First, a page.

Sons d’hiver Festival Advances the Art of Adventurous Improv

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Keefe Jackson (left) and Dave Rempis perform at the Sons d’hiver festival in Paris on Jan. 29.

(Photo: Laurent Poiget)

From its modest beginnings in 1991, the Sons d’hiver festival steadily has built an international reputation for presenting adventurous jazz and improvised music, more recently advancing toward hip-hop, electronica, blues and other global sounds.

This 27th edition of Sons d’hiver sprawls over three weeks, concentrated around the Paris suburbs of Val-de-Marne, south-east of the city. Most evenings feature a pair of acts, sometimes contrasting, but usually complementary.

Gigs occasionally are more centrally located, and The Bridge #14 was one of these, a free performance at the Columbia Global Centers, the Montparnasse outpost of the New York university. The Bridge is an ongoing collaboration and exchange program, now in its seventh year. It promotes two-way traffic between North America and France, currently with an emphasis on a Paris-Chicago connection. Maintaining such trans-Atlantic relationships over time is a key element of this program: These are not one-off encounters, but rather ongoing dialogues.

The Bridge #14, which was held on Jan. 29, transported Chicagoan reedsmen Dave Rempis and Keefe Jackson, to improvise with a trio of French players: pianist Christine Wodrascka, and drummers Peter Orins and Didier Lasserre. Playing acoustically, in a medium-sized room, even the twinned drumkits didn’t provide a problem, avoiding the booming reverberences often encountered in such a space. Initially, Rempis played alto saxophone, with Jackson on tenor, leading a foray deep into a maelstrom of sound. There was a little playfulness, as Orins and Lasserre deployed mallets and woodblocks, growing a dense forest of minuscule activity.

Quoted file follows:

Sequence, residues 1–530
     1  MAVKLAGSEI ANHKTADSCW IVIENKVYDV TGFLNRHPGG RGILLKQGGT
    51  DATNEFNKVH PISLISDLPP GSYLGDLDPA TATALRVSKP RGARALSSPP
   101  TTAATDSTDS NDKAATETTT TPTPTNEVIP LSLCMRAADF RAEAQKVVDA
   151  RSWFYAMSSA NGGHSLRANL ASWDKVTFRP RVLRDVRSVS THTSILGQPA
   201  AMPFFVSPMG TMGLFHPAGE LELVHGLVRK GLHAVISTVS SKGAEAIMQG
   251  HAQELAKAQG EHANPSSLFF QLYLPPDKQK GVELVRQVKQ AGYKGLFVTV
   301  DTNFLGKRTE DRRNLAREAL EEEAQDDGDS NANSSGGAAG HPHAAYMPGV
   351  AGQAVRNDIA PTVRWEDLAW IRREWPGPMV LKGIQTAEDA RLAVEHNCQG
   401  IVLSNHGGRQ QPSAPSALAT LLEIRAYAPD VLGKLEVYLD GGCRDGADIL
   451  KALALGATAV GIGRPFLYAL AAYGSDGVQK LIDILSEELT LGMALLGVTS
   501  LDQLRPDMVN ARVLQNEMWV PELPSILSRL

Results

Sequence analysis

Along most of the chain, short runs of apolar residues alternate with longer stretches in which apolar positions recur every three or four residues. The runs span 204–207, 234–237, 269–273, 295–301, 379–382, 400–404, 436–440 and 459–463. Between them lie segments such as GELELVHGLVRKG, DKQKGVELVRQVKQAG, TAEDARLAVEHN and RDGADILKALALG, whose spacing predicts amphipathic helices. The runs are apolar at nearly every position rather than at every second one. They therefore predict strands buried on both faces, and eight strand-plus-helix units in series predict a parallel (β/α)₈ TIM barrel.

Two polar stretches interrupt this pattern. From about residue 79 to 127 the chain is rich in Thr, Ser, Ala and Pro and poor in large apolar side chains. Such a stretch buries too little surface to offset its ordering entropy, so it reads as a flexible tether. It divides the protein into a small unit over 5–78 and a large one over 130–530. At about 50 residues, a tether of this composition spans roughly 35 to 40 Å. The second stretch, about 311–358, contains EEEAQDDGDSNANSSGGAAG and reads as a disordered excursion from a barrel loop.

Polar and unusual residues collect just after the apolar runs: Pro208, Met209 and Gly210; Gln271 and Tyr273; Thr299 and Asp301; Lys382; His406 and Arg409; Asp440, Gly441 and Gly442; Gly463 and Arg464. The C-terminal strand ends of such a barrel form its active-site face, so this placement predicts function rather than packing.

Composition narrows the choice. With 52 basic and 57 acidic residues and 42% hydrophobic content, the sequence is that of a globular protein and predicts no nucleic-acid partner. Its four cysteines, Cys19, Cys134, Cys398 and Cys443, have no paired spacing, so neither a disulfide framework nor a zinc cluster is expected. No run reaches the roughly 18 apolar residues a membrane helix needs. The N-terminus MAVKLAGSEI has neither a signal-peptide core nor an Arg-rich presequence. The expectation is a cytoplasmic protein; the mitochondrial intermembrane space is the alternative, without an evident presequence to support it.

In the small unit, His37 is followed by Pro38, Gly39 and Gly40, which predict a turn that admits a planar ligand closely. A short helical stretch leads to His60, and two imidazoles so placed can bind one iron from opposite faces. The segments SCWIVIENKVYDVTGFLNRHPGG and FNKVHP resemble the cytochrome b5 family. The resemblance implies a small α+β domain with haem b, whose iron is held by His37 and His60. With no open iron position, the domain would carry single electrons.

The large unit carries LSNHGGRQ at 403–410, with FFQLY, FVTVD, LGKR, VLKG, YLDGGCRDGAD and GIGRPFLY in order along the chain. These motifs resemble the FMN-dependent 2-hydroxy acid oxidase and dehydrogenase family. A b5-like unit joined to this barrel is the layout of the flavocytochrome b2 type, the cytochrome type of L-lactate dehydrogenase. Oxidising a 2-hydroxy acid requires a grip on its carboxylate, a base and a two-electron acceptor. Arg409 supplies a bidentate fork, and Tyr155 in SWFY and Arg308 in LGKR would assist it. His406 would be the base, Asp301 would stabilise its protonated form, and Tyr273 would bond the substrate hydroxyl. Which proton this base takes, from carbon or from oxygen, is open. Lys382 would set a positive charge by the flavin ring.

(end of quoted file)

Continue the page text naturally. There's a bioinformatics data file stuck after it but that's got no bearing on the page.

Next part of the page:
For a stretch, the saxophonists played alone, stacking up jostled levels, Orins returning with tiny metallic investigations. Positioned as the odd one out, besides the doubled reeds and percussion, Wodrascka acted alone, making doomy strikes at the low end of the keyboard. She drew sheets of piano resonance that sounded disembodied when battling against the forces of her bandmates. Instead of offering one or two extended pieces, this quintet’s empathy produced a set of shorter outbreaks, operating at a quicker pace than some improvisers.

The raging assault cut to a minimal drum duet, as Laserre launched into intermittent detonation of his bass drum. Wodrascka leaned into her piano interior, scraping and plucking, as Jackson switched to sopranino, although Rempis was flying high, too, his tenor matching the shrill squealing.

The quintet’s second piece, for which Jackson moved to bass clarinet, concluded eloquently, when all players magically shimmered to a simultaneous halt.

Two days earlier, at Théâtre Jacques Carat, in Cachan, the Chicagoan drummer Mike Reed and his People, Places & Things quartet joined forces with the Orchestre National de Jazz, led by guitarist Olivier Benoit. They presented The City Was Yellow: The Chicago Suite, a specially commissioned work from Reed incorporating elements of work by some of the Windy City’s key composers: Hal Russell, Fred Anderson, Rob Mazurek, Ken Vandermark and Nicole Mitchell. This incarnation of the ONJ was dominated by horn players.

A surprisingly swinging momentum dominated the proceedings, driven by the doubled drums of Reed and Eric Echampard. The pianist Sophie Agnel persistently acted as a wild card, viciously striking elbows during an abstract trio sequence, before a monumental horn riff emerged, harmoniously stacked. Paul Brosseau’s Fender Rhodes sounded uncannily close to a cracked guitar, and Ward delivered one of the set’s highlight solos, his alto cavorting, bittersweet, through a gliding note-stream. The full peak arrived with a cascading horn polyphony, followed by an encore of vibraphonist Jason Adasiewicz’s “Rose Garden,” a slow, New Orleans flavored lullaby.

At Espace Jean Vilar, in Arcueil, New York tenor saxophonist James Brandon Lewis and Chicago drummer Chad Taylor played an improvised duo: another set that angled toward concise numbers. After a couple of reasonably untoward pieces of dialogue, Taylor brought out his amplified mbira, its glistening web of sound prompting Lewis to play with a sparser, softer feel. Taylor’s complex patterns shifted emphasis gradually, a sprightly bounce evolving, as Lewis emitted a sweetly burred tone, engaging with the clipped funk accumulation.

This was just one phase of the festival’s extended program, highlighting the bonds and compatibilities between Paris and Chicago. In the coming week, there’s the promise of New York rap, Vietnamese fusion, Japanese turntablism and Detroit techno in addition to all the expected jazz exploration.

For more information about the festival, which runs through Feb. 17, visit the Sons d’hiver website. DB



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